Tuesday, September 22, 2009

Seven Pounds: The Psuedo-Redemption I Can't Handle

I finally got around to seeing Seven Pounds, and couldn't believe how disappointed I was in this film.

I had heard some people share how the film was touching, meaningful, and how Will Smith's character is so noble.

I can't write this post-spoiler free, and for all it's "surprises" I felt like none of of the film was surprising.

I found this film absolutely UNREDEEMING. I think people are supposed to watch this film and think "Wow, how great that x person got new cornea's, x person got a new heart, x person got new whatevers."

And perhaps were supposed to watch and think of the message that "you never know who's watching you" and from that aspect, I think that character does shine through.

But I felt like the way that Will Smith's character ("Ben Thomas") handles a true tragedy in his life is weak and unrespectable. Sure, he tries to make his life have meaning by finding the perfect donor matches, giving bone marrow, livers, lungs, and kidneys. But to determine that his own life is so meaningless that he can't productively work through the actual pain is actually somewhat sickening.

In Rachel Getting Married, Kym (Anne Hathaway) has a very traumatic experience herself that might be on the same level as that of Will Smith's Seven Pound character.

And while Kym handles some of these issues poorly, leading to addiction and increased pain and behavior that is stressful on the relations around her, she still chooses to deal with these issues and sure perhaps she doesn't get to the point where she's redeeming herself through excessive community activity or organ donations or anything of that nature.

I found Rachel Getting Married to be a true story of redemption.

Yet, suicide because of a brief period in time when you were checking e-mail on your Blackberry and tragically kill your spouse and others. Smith's act is false martyrdom.

I think director Gabriele Muccino is aware of some of these issues and tries to make it artistic in the way that there is a unique death method (trying to distract viewers from the fact it's suicide) and the demented bathtub scene with Rosario Dawson where she is listening to her heart in the tub at the end.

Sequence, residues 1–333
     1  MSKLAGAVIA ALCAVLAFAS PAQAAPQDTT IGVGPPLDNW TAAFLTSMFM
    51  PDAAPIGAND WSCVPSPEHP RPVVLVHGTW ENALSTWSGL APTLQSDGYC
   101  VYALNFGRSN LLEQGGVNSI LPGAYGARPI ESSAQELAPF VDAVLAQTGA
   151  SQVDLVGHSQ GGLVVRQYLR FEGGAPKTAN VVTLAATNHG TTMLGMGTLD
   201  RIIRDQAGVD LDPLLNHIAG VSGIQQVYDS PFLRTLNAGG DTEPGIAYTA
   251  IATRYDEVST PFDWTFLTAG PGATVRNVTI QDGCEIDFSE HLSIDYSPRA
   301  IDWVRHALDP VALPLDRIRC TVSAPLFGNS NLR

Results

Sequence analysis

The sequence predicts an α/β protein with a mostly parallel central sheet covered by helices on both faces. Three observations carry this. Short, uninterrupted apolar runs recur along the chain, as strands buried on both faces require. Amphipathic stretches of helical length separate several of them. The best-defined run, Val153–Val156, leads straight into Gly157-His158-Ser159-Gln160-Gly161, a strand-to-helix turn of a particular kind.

In retrospect, I was disappointed with the message of Gabriele Muccino's film The Pursuit of Happyness, and I think I'm done with Muccino because his films are semi-intriguing but always not-quite amazing, and he's two for two with disappointing me with his film messages.

Muccino stop trying to give us these weird warm fuzzies. Let's think about doing something real. Take a lesson from Jonathan Demme's Rachel Getting Married or any other film that has a real message instead of this artificial messes.

3 comments:

julianstark said...

Haven't seen Seven Pounds yet... loved Rachel Getting Married

Bennett said...

I agree and disagree. I agree that it was not a true redemption story. However, I thought that was kinda the point. To me the film expresses the humanist notion that there really is no such thing as redemption. I don't know if that's what they were going for. Also, since films are collaborative and there are conflicting motives in the process it's hard to say there was one message.
I think Ben Thomas was searching for value. He had built a world where he felt he was valuable, but when his efforts utterly failed he didn't turn to any outside relationship for help. He took it on himself to attain value in the only way he could. In a sense he was saying, "I have no emotional or spiritual value, but at least my flesh can be seen as valuable to others." The twist came when he started to love again and found value in the human relationship. Ironically he found that relationship to be impossible and again his flesh was more valuable than what he had to offer relationally. Or was it that he could not bear any more pain?

He was weak. But why do we think so? He did something heroic. You and I have a worldview, though, that says pain is not the ultimate evil. Pain itself can be redemptive, but only in relationship to Christ. Only by identifying with His pain can pain/evil/disorder make sense. So Ben Thomas was showing hubris by thinking he could make amends for his mistake (a simple driving mistake that can happen to anyone at any time) by sacrificing himself. I think the world's response is, "It's better than nothing."

We know better.

ehome said...

I agree with what you're saying, Bennett. I think Ben's character was trying to do more good (giving major organs to 3 individuals, thus saving 3 lifes) than he had done bad (by killing his fiance, and really, himself.) For me Ben's actions also pointed to the importance of living and sharing life with other people. Other than his brother that he did not communicate with, it didn't seem that Ben had anyone in his life that was caring enough to see how he was doing.

I know 'community' has been a buzz word in Christian circles for the last 5ish years, and I think all peoples desire for community is really being shown through pop culture today. Our desire for a "third place" to visit with friends (Starbucks, Panera, etc), and even that new TV show with the title Community...

On a lighter and embrassing note...I actually never saw any previews for this movie and, from the title, I think I always assumed it was talking about drugs. Which just goes to show how little about drugs I probably know because 7 pounds is probably a lot of drugs.

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